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President Donald Trump met Tuesday morning with U.S. auto industry leaders, and said environmental regulations are "out of control." (Photo: Getty)

Trump's "Disastrous" Regulatory Cuts Imperil Public for Corporate Benefit

Slashing regulations by 75 percent, as Trump pledged, would come at the expense of workers, the environment, and public health

Deirdre Fulton

Even as he moves to approve risky fossil fuel projects and eliminate healthcare for millions, President Donald Trump told corporate leaders on Monday he could "cut regulations by 75 percent, maybe more"—and he made similar promises to automakers in a meeting Tuesday morning.

"We're going to be cutting regulation massively," Trump said during Monday's White House meeting with business executives. Environmental regulations in particular, he told auto industry CEOs on Tuesday, are "out of control." 

But keeping such a pledge would come at the expense of workers, the environment, and public health, while allowing "corporations to rip off consumers" and making the country "far less economically secure," warned watchdog group Public Citizen. 

"Freezing new regulations across the board is bad enough," said Public Citizen president Robert Weissman on Monday. "But there is no way for President Donald Trump to slash regulations by 75 percent without cutting into bedrock public protections that hold Wall Street accountable, keep our water and children safe from lead poisoning, and contain food contamination outbreaks—to name just a few of the disastrous consequences of the proposal he discussed today."

The Environmental Protection Agency (EPA) and environmental safeguards are at the center of Trump's deregulation bullseye, as Sophia Tesfaye reported Monday at Salon:

On Friday, Trump ordered a "freeze"on all new regulations coming out of federal agencies, including the EPA. On Monday, the Wall Street Journal reported that Trump will order federal agencies to stop studying the greenhouse gas impacts of new projects.

Trump's aides also told Bloomberg over the weekend that the newly-elected president plans to rescind President [Barack] Obama's directive that all federal agencies take climate change into account during their formal environmental reviews. President Trump will also reverse Obama's executive order placing a moratoriumon selling coal from federal lands until a new way to calculate royalties is resolved.

Trump also vowed to "massively" and "very substantially" cut corporate taxes at the same gatherings with business leaders.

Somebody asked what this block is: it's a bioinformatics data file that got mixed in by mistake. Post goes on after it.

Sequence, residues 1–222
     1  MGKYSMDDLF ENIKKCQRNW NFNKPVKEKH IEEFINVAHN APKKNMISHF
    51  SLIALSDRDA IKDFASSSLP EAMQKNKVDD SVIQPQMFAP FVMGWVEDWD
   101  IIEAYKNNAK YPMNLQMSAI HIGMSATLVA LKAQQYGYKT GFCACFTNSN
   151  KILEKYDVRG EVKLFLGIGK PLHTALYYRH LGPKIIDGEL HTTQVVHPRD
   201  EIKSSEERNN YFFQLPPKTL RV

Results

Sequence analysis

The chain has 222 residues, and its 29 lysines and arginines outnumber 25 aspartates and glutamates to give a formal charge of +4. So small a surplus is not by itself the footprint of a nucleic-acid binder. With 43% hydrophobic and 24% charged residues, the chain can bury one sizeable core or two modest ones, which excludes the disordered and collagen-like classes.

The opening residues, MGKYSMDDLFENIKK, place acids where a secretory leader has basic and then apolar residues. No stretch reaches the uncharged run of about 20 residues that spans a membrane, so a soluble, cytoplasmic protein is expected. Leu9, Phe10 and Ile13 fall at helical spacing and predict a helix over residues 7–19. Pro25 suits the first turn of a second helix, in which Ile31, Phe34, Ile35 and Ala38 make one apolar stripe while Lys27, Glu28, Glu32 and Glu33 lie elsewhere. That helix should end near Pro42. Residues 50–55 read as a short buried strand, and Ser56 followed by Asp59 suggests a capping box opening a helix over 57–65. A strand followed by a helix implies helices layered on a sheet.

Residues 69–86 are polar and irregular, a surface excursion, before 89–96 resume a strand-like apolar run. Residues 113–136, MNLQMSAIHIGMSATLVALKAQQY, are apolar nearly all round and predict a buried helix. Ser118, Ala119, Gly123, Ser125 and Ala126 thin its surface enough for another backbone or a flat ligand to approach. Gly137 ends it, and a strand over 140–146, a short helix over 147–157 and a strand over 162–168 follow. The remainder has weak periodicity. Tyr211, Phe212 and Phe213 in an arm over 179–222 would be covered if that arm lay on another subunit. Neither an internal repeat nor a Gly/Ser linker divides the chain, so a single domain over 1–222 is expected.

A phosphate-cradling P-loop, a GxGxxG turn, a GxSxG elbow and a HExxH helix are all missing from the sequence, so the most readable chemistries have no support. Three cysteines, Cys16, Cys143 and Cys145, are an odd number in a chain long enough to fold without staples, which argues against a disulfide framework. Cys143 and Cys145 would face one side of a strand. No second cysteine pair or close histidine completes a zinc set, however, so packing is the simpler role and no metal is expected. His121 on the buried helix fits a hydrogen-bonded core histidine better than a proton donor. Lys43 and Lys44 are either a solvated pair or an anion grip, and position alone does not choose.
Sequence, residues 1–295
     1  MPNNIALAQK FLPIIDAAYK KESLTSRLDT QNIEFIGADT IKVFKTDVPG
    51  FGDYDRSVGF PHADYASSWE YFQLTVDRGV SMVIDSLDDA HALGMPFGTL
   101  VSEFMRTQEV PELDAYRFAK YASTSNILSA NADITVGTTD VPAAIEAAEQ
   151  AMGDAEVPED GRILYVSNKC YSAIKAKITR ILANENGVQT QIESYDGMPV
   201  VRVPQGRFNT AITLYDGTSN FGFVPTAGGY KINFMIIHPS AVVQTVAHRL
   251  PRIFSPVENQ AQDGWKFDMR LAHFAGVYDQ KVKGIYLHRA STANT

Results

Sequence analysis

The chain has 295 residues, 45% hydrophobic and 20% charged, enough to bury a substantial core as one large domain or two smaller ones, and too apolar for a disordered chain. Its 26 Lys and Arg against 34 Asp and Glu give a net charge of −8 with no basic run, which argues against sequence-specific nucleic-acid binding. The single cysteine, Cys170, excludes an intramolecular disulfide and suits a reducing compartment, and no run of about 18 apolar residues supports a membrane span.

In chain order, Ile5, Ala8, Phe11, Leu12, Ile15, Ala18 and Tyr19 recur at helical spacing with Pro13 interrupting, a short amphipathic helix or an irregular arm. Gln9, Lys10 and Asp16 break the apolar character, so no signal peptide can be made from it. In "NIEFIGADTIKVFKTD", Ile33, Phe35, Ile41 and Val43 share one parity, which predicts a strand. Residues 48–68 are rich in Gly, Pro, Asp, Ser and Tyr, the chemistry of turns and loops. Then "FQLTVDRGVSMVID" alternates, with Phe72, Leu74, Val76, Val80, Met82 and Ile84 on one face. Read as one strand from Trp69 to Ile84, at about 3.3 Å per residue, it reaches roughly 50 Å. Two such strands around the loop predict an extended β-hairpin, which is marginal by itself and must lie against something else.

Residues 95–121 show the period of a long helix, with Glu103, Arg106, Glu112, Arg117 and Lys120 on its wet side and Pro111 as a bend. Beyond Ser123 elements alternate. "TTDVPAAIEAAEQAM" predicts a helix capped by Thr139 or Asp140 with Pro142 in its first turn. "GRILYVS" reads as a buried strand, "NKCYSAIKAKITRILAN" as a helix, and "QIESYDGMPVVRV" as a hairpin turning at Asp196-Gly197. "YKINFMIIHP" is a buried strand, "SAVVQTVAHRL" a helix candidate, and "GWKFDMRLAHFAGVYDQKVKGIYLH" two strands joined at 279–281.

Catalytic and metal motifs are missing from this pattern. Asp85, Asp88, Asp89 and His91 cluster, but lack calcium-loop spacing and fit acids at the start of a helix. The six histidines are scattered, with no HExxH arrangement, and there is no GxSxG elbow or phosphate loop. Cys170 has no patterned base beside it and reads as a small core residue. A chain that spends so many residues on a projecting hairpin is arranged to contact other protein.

Frank Clemente of Americans for Tax Fairness has previously said Trump's plan to slash corporate taxes would "drastically increase our country’s already extreme levels of inequality" and require "massive cuts...to benefits and services that working Americans depend on."

Also Monday, Trump withdrew the United States from the corporate-friendly Trans Pacific Partnership (TPP) trade agreement. This had been a goal of progressives, but author and activist Naomi Klein warned online that the development, placed alongside Trump's latest corporate promises, was "nothing to celebrate":


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Abortion Rights Defenders Applaud Judge's Block on Utah 'Trigger Ban'

"Today is a win, but it is only the first step in what will undoubtedly be a long and difficult fight," said one pro-choice advocate.

Brett Wilkins ·


Scores Feared Dead and Wounded as Russian Missiles Hit Ukraine Shopping Center

"People just burned alive," said Ukraine's interior minister, while the head of the Poltava region stated that "it is too early to talk about the final number of the killed."

Brett Wilkins ·


Biodiversity Risks Could Persist for Decades After Global Temperature Peak

One study co-author said the findings "should act as a wake-up call that delaying emissions cuts will mean a temperature overshoot that comes at an astronomical cost to nature and humans that unproven negative emission technologies cannot simply reverse."

Jessica Corbett ·


Amnesty Report Demands Biden Take Action to End Death Penalty

"The world is waiting for the USA to do what almost 100 countries have achieved during this past half-century—total abolition of the death penalty," said the group.

Julia Conley ·


Pointing to 'Recently Obtained Evidence,' Jan. 6 Panel Calls Surprise Tuesday Hearing

The announcement came less than a week after the House panel delayed new hearings until next month, citing a "deluge" of fresh evidence.

Common Dreams staff ·

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